New York MTA studying COVID-19 cost hit
Officials at New York's Metropolitan Transportation Authority are studying the financial hit from COVID-19. Related costs range from a labor-intensive disinfecting of the system to an expected ridership decline, according to Chairman Patrick Foye.
"I think it's fair to say that at this point there's been no material impact on the MTA. Having said that, we're trying to minimize every dollar of expense," Foye told reporters Monday during its latest health-crisis briefing at Lower Manhattan headquarters.
"We take seriously our disclosure obligations to bondholders and to underwriters. Our CFO [Chief Financial Officer Robert Foran], I can tell you, will make sure we will make every disclosure timely and fully disclose everything."
The state-run MTA is one of the largest municipal issuers with roughly $45 billion of debt, including special credits. It operates the city's subways and buses, Long Island and Metro-North commuter railroads and several intraborough bridges and tunnels. Its operating budget is $17 billion.
Gov. Andrew Cuomo confirmed on Monday that Rick Cotton, executive director of the Port Authority of New York and New Jersey, tested positive for the virus.
Cuomo and New York Mayor Bill de Blasio have advised commuters to avoid crowded trains and buses, if possible, amid a worsening pandemic.
"Our first priority is public health," Foye said. "That means if there's less crowding, as the governor and the mayor have advised, that in the short term is a good thing because it will reduce the risk to the public. Obviously we're focused on the revenue considerations. This situation's been going on for just a week now, and we don't have meaningful data.
"We're going to report to the board and the public the data that we're gotten [on] ridership, and we're committed to doing that."
Parroting comments made by Cuomo late last week, Foye described as "ludicrous" the federal $8 billion aid package that earmarks merely $35 million for New York State.
"The MTA and its agencies will incur a significant amount of cost in this endeavor," he said. "Obviously we're disinfecting cars, we're disinfecting stations. I'll leave the Washington negotiating and bargaining to others, but it just seems out of whack."
Meanwhile, the absence of MTA officials from Monday's City Council transportation committee hearing on de Blasio's preliminary budget rankled panel chairman Ydanis Rodriguez and some of his peers. The authority's $51.5 billion capital program for 2020 to 2024 — not including $3.3 billion self-generated through bridge-and-tunnel tolls — assumes $3 billion each from the city and state.
"We're very upset," Rodriguez said after the hearing. "What they said was that they would not come today, that they would come to the executive budget [hearing], which is in May. And I feel that it is not what we as a city should expect from the MTA. I don't want the MTA to go back to what it was before Andy Byford."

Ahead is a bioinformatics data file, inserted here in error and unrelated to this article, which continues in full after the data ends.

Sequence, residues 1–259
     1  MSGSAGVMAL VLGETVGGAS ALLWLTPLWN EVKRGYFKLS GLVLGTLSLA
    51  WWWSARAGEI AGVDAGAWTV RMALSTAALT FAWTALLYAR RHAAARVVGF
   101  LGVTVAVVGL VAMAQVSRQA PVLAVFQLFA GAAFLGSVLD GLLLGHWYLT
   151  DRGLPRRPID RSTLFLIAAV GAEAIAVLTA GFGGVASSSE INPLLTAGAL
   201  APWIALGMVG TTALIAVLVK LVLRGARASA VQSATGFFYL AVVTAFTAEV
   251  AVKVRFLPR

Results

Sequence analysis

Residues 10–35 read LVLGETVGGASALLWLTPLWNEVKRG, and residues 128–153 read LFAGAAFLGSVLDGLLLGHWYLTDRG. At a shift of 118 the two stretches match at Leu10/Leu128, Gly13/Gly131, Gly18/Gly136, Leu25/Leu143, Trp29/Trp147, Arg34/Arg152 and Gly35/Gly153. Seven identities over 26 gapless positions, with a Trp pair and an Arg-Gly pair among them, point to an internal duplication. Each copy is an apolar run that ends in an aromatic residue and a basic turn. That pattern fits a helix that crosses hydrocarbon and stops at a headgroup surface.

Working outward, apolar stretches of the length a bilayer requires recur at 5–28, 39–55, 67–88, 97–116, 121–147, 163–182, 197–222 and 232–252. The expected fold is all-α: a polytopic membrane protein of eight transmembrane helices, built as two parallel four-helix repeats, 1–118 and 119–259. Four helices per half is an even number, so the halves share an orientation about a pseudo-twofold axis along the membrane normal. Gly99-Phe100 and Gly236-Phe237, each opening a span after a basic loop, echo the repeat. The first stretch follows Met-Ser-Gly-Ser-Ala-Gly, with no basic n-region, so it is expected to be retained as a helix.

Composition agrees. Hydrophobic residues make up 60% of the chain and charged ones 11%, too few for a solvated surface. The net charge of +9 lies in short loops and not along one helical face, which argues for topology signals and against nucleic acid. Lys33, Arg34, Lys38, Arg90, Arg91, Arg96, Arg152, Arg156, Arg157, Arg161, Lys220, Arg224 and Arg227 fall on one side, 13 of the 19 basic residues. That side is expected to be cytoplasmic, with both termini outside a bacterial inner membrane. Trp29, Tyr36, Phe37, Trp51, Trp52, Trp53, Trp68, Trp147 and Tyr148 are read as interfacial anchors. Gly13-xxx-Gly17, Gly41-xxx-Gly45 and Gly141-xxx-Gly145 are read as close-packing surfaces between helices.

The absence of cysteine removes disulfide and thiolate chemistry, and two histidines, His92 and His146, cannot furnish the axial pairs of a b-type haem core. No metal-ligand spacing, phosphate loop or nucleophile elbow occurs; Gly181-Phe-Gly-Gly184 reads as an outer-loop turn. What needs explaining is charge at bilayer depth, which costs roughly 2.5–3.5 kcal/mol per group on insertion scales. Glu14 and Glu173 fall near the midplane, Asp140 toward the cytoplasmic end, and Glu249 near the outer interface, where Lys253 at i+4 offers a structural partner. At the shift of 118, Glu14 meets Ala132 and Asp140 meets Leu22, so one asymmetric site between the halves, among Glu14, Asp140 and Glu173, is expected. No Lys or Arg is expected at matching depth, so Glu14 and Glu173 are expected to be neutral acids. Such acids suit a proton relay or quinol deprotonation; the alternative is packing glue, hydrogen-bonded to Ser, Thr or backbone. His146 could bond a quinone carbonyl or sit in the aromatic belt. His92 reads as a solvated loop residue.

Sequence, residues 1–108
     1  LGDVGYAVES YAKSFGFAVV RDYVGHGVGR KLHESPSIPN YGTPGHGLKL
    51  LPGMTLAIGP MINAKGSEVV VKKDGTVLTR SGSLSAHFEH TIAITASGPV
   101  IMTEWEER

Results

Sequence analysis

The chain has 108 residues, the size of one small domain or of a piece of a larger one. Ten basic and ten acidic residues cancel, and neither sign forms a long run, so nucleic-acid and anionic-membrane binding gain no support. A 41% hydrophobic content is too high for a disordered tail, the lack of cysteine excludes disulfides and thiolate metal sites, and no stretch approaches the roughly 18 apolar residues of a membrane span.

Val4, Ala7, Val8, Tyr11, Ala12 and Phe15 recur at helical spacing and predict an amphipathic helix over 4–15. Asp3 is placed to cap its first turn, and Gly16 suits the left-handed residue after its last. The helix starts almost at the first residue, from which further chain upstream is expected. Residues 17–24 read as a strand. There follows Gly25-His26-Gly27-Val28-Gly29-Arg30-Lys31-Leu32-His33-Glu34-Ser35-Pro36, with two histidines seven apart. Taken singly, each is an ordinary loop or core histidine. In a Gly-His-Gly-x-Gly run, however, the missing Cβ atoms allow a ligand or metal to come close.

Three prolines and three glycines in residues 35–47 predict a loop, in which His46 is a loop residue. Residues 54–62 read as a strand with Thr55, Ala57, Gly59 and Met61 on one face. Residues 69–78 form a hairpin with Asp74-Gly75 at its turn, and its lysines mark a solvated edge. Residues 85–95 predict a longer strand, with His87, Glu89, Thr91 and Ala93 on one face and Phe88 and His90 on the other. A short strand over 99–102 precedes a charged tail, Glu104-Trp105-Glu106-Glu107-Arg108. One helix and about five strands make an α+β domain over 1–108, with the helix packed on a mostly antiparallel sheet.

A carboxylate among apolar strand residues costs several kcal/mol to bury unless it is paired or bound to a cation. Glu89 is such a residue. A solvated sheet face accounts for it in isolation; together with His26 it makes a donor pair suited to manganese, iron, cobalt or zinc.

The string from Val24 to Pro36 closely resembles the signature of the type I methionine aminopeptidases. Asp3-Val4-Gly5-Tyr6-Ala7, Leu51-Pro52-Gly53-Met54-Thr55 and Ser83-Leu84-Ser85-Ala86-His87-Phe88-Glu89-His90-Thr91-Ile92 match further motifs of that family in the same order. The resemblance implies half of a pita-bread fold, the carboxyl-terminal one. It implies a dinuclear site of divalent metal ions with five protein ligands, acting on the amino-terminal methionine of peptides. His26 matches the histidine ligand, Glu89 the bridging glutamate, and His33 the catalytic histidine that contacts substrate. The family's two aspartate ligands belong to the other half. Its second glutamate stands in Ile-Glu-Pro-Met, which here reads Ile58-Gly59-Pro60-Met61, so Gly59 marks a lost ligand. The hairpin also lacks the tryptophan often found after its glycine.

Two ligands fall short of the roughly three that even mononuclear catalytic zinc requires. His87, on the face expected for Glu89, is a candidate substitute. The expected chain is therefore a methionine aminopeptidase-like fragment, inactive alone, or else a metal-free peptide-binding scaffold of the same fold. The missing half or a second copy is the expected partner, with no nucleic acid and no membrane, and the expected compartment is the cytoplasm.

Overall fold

The mayor releases the executive budget, an update to the preliminary spending plan, usually in late April. Another round of council hearings follows.
Byford, the president of the MTA's New York City Transit division, resigned last month, accusing Cuomo and his staff of micromanaging. Rodriguez supports a city takeover of NYC Transit, which council Speaker Corey Johnson proposed in his State of the City address last year.
Rodriguez said MTA officials told him they would not appear for a hearing on bus-route redesign, "and that request was made before the coronavirus situation."
Foye said the authority's focus on the coronavirus is paramount.
"The people that were going to appear before the City Council were mid-level financial people," he said. "We didn't think it made sense to send them when clearly the focus was going to be on the coronavirus situation."
Even with a possible delay in implementing full congestion pricing in Manhattan in time for January, the MTA has a "relatively good handle" on meeting its capital needs, according to Lisa Daglian, executive director of the watchdog Permanent Citizens Advisory Committee to the MTA.
Congestion pricing figures to raise $1 billion annually, or $15 billion through bonding, for mass transit. "The lack of dedicated and recurring operating revenue sources, however, is still of great concern," Daglian told council members while asking the city to send the MTA its $3 billion before congestion pricing takes effect.
The capital plan consists of too many assumptions, Rodriguez said.
"Right now, when you look at the MTA capital plan, there's a lot of money that's not real ... some money related to that plan is based on the debt, on bonds." Other iffy propositions, he added, include congestion pricing and federal support for the Second Avenue subway extension.
City taxpayers provide 71% of the MTA’s non-fare and toll, nonfederal revenue through a combination of local, regional, and state taxes, according to Nora Nussbaum, senior research associate at the watchdog Citizens Budget Commission.
"City taxpayers not only provide substantial support through the city budget, but also pay the bulk of taxes dedicated to the MTA and much of the contribution made from the state budget," she said in a commentary.